I spent much of last week working on the prologue to Black Beauty: A Life of Duke Ellington, and I tweeted at regular intervals about my progress. As a result, I suddenly found myself in direct communication with a singer-songwriter whom I’ve long admired from afar. One day she noticed my progress reports about Black Beauty, and all at once we were exchanging messages about my book and her latest album, to which I’d been listening on the road in Florida. “I like it when people say they play it in a car,” she wrote. “A car is like a giant headphone.” (I love that image.)
What I find most striking about this occurrence is the way in which it underlines the democratizing power of life in the digital age. Not only do I tweet, but I also receive “public” e-mail here and at my Wall Street Journal mailbox. Though I’m not able to keep up with it as consistently as I’d like, I always read my mail and do my best to answer every message that isn’t merely abusive. On top of that, Google Search makes it possible for me to know who writes about me on the Web and what they’ve written. As a result, I now have a fair number of in-person and Web-based friends whom I first “met” in cyberspace, and I expect I’ll make more in the future.
The problem with all this democracy, of course, is that it helps to keep me busier than I’d like to be. I’m very selective about following people on Twitter or friending them on Facebook–I have to be in order to get any work done–but that still leaves me with a big pile of tweets and status updates to peruse each morning, and when I’m too busy to chew through them all before starting work, I feel as though I’ve lost touch with the world.
Now that Mrs. T and I are making plans to take a two-week-long vacation at the end of May, I’m grappling with the Big Question: can I really bring myself to go for two weeks without checking my e-mail, given the fact that I’ll almost certainly have a couple of thousand e-mails waiting for me upon my return if I don’t? Add to that the countless tweets that I certainly won’t try to read, and you end up with quite an anxiety-making prospect.
The answer, needless to say, is that it’ll be more important, and more valuable, for me to be out of touch for two weeks than to try to stay in touch during that time. Two unimaginably distant centuries ago, Wordworth lamented the very thing that weighs heavily on me as I plan my vacation:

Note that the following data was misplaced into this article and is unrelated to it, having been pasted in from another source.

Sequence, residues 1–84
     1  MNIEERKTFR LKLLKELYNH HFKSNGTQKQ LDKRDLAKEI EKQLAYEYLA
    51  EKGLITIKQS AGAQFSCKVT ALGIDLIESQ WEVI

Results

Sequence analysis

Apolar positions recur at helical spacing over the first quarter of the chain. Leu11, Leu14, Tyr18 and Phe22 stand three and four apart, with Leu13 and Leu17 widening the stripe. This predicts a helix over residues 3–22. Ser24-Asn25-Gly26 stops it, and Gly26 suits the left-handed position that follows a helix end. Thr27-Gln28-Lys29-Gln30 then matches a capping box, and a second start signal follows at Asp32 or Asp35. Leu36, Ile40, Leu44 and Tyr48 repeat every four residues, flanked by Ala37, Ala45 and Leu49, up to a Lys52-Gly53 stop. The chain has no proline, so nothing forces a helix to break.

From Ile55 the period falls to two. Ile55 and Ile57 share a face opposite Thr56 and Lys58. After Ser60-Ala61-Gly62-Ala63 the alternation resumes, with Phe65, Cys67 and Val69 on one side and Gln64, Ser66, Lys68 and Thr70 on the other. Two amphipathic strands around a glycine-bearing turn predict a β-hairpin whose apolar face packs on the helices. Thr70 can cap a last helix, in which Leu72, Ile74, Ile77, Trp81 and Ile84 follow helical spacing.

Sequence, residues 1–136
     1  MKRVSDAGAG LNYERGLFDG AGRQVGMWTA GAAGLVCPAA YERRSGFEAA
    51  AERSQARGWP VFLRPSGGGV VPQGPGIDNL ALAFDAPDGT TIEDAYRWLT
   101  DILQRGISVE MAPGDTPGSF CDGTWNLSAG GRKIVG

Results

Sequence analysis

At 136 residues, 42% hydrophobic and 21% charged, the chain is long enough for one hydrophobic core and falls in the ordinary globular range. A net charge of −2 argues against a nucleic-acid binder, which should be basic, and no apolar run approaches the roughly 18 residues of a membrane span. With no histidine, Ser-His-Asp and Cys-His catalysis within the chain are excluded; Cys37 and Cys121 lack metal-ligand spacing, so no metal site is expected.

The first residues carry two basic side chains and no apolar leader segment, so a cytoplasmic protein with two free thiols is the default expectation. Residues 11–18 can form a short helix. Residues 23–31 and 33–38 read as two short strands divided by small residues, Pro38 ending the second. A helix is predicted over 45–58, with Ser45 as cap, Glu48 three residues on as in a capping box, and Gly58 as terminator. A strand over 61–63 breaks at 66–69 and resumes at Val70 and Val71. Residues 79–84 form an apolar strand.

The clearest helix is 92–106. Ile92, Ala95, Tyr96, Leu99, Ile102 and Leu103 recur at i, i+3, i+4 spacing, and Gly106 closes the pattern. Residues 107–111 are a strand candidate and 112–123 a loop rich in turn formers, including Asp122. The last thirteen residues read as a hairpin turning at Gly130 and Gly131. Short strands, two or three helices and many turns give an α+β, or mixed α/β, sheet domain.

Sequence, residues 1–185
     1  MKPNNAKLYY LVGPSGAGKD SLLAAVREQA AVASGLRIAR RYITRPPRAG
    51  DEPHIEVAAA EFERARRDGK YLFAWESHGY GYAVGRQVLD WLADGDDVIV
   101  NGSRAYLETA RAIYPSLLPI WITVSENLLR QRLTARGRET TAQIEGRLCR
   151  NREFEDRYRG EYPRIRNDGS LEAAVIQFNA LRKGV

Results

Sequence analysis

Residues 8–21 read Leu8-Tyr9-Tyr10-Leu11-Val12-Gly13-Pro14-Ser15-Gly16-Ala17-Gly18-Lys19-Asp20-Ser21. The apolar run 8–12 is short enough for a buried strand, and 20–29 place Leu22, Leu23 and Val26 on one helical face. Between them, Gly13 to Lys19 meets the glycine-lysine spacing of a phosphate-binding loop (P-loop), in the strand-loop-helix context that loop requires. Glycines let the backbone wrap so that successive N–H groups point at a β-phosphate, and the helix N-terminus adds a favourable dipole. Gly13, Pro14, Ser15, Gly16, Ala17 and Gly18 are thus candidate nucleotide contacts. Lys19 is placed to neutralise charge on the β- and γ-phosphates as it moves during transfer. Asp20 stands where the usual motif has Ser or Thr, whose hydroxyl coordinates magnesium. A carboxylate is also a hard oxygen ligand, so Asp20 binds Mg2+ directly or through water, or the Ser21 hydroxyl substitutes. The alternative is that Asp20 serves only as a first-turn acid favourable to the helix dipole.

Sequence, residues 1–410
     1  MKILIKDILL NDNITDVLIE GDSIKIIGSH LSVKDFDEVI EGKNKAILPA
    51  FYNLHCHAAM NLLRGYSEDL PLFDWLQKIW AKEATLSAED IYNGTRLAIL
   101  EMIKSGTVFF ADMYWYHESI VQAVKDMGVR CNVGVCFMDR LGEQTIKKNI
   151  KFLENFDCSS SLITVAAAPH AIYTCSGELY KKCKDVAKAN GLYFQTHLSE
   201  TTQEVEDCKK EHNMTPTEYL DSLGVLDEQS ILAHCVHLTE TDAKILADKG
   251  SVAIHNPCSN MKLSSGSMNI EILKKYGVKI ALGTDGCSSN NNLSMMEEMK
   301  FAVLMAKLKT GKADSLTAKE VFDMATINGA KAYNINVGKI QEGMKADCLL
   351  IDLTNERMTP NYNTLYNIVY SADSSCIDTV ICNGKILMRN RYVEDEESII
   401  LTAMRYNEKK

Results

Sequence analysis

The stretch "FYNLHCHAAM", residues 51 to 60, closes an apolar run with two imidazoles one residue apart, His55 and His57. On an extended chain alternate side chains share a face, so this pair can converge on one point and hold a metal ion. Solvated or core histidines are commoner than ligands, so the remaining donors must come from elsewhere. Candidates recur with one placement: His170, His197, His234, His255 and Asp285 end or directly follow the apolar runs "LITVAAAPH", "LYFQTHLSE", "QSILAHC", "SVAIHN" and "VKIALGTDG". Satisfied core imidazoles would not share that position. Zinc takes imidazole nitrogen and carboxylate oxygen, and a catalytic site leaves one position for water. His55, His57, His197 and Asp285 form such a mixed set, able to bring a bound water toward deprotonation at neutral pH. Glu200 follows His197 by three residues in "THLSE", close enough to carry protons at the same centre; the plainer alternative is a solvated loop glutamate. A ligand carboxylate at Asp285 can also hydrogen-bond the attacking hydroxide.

The world is too much with us; late and soon,
Getting and spending, we lay waste our powers;
Little we see in Nature that is ours;
We have given our hearts away, a sordid boon!
Mind you, I don’t think the Internet is anything like a sordid boon. For the most part, in fact, I see it as almost entirely benign in its effects. In 2005 I wrote an essay about blogging that ended with the following lines:
No doubt there will always be shouting in the blogosphere, but it need not all be past each other. When the history of blogging is written a half-century from now, its chroniclers may yet record that the highest achievement of the Internet, a seemingly impersonal piece of postmodern technology, turned out to be its unprecedented ability to bring creatures of flesh and blood closer together.
I still feel that way, very much so. But I also need the same amount of silence in my life that I needed five years ago, the restorative, fertilizing silence that makes it possible for me to generate fresh ideas and refine old ones. Instead I’m getting less of it, and I know better than anyone that I’m my own problem, not to mention the only person who can fix it. Whether or not I can bring myself to pull the plug all the way out of the socket for two whole weeks is something else again, but I’m going to do my damnedest, and I suspect that Mrs. T will be right in there pitching as well.
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I finished writing the first draft of the prologue to Black Beauty on Saturday after four days of very intensive work. It’s 8,900 words long, and I think I like it.